Apart from Mazi Kanu Oji, the former Eze Aro, Mazi T.K Uchay, who designed the Omu Aro, there is hardly any other individual dead or alive that I know, who has made such historic impacts in the advancement of Aro culture and tradition other than the late singer, Mary Kanu. These three Aro legends of blessed memory made tremendous impacts on Aro culture, tradition and core social values. Several years after them, their works remain reference points from one generation to another.
I recall that the voice of Mary Kanu hit and ruled the air waves through radio stations nationwide between 1985 till the late 1990s. As a young broadcaster in Radio Nigeria, Enugu at that time, I used with pride, Mary Kanu’s Aro cultural music in my request programmes and other musical presentations based on listeners’ choice. My other colleagues equally did. I do also recall that it was one of us, the most popular prolific Igbo presenter among us, Jevas Chukwemezie that nicknamed Mary Kanu the golden voice on Igbo cultural music. Jevas Chukwuemezie, a huge fan and promoter of Aro brand of cultural music, sadly died in 1986 while in active service. If he was still alive today, he would no doubt be shocked that his brand is no longer on the shelf. Through Aro cultural music, Mary Kanu took Aro culture to the zenith in the mid-1980s & 1990s to the extent that Aro music was a common signature tune in most Igbo programmes. Most radio and television stations in most parts of the country too. She sang her original brand of Odumgbede which experts in Aro music described as a creative blend of Ugbo-Ali and Ojojo. Her music, just like the leadership of Mazi Kanu Oji and T.K Uchay’s Omu Aro, brought honour and pride for Aros at home. It was a source of unity and a bidding force for Aros at home and in the Diaspora. It was also difficult to measure the joy, the pride and confidence which Aro music brings to bear in any Aro gathering especially when it is produced, packaged and presented in its original form, tune and lyrics. Late Mary Kanu was such a phenomenal creative singer. However, in 2010 “The Man Died’’ as Wole Soyinka wrote in one of his classics. And Aro music appeared to have died with her. The remains of Aro music since Mary Kanu have been in bits and pieces. Many villages in Aro, Nzuko Aro branches, including individuals and groups have worked quite hard to fill the vacuum with very minimal success. For example, the Okigbo cultural group, Abuja led by Mazi Sam Ogundu has been trying. But one of those groups that stand out is the Nnanyere Ugo cultural Group, Ugwuavor village Arochukwu. The Ugwuavor brand of Aro cultural music is quite close, very similar if not the same with Mary Kanu’s brand of Odumgbede. Those who have listened to the group would hardly disagree. The tunes from the group are original, pure, inviting, exciting and undiluted Odumgbede that invites irresistible dance steps.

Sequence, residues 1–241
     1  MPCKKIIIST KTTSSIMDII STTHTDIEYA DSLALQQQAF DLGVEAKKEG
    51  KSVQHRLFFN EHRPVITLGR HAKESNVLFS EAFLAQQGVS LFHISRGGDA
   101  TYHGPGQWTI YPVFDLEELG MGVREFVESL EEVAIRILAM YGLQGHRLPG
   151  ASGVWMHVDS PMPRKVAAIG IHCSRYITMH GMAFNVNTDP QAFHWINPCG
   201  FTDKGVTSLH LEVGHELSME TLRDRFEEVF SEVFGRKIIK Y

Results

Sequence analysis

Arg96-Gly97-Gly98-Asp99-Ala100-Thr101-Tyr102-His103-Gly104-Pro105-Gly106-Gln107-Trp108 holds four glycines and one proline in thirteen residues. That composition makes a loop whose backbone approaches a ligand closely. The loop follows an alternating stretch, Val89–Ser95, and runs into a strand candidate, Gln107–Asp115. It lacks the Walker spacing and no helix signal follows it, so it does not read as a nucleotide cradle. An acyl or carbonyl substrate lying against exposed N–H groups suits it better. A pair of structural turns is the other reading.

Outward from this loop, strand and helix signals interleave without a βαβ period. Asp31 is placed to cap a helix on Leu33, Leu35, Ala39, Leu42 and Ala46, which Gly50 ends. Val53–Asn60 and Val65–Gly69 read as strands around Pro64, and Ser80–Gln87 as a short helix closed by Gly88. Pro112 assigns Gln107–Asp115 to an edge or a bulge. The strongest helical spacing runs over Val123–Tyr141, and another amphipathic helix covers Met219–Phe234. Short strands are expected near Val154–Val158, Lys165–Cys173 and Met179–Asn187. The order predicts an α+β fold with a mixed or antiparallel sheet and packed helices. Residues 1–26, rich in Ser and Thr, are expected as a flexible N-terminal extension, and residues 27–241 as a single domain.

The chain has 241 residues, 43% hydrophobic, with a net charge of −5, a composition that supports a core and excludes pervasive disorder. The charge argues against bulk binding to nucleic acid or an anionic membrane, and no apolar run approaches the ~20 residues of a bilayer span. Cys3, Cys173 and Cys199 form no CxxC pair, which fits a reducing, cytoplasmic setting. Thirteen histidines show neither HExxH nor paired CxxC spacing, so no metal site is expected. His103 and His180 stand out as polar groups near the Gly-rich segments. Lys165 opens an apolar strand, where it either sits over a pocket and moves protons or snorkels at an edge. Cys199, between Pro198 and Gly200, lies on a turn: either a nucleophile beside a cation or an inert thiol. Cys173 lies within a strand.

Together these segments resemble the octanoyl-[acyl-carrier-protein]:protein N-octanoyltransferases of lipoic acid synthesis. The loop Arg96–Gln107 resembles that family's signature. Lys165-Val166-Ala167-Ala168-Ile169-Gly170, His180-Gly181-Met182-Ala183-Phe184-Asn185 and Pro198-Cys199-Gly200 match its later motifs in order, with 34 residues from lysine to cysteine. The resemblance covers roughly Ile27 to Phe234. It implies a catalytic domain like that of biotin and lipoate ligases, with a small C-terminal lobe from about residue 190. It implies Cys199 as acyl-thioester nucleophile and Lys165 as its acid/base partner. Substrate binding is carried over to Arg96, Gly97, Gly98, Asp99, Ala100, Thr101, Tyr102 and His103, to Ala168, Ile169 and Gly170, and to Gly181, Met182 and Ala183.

Founded in September 1990, the Cultural Group has since those last 30 years “walked through the valleys and shadows of death” but have remained intact in spite of challenges. A 30-member group led by a resourceful creative young man, Mazi Okoronkwo Ngwu with lead vocalist Mazi Okwu Ngwu, confessed that some of the open challenges include frequent internal village squabbles outside the group, loss of talented members through village urban migration and marriages. The group has also lost very talented singers, dancers and drummers in some unfortunate situations such as death. For the Ugwuavor cultural group, “the downfall of a man was never the end of his life”. They have remained one, indivisible and intact. But one major challenge that has frustrated the group from establishing itself as a worthy replacement of late Mary Kanu’s group is lack of modern digital musical equipment. As a result of their reliance on manual instruments, their voices and music are usually drowned, buried in major public events. In their own words, “nothing can be more frustrating than playing your best music on top of your voice in a major event and no one is hearing you”. This challenge was laid to rest recently when a comprehensive modern digital musical equipment was procured and presented to the group. Their excitement knew no bounds. The donation was done as a show of support and reward for their discipline, creativity, resilience and commitment to the promotion of Aro cultural music. The new equipment procured for the group include a pair of giant digital loud speakers, multi-channel audio mixer and amplifier, stationary, standing and mobile digital microphones, allied accessories and consumables. With this equipment in their kit, Nnayere Ugo Cultural group Ugwuavor is now set, ready and willing to step into the big shoes left behind my Aro music legend Mary Kanu. This is also coming at a time of urgent need to address the unfortunate syndrome of playing non-Aro music at major Aro cultural events such as Ikeji festival, traditional marriages, and other events. If we cannot get the original let’s not settle for imitation. The time has therefore come for Aro to look inwards and invest in the promotion of Aro cultural music. At a time when Aro influence in Igbo land is not only dwindling and being openly challenged, but additionally viewed negatively, repulsively with false narratives, Aro cultural music will help us tell our own story beyond limits. In this regard the time for Nzuko Aro to establish a central Aro cultural group similar to the concept of a national troupe has come. The troupe will take the stage at major Aro events like Aro day and Eke Ekpe. The Aro main troupe can be formed from the best of the best, selected from villages. But until then, the Nnayere Ugo Cultural Troup is now fully equipped, energized and empowered to step into Mary Kanu’s shoes. Try and see. I invite us all to give them every chance and support to succeed in our efforts to revive a dying culture.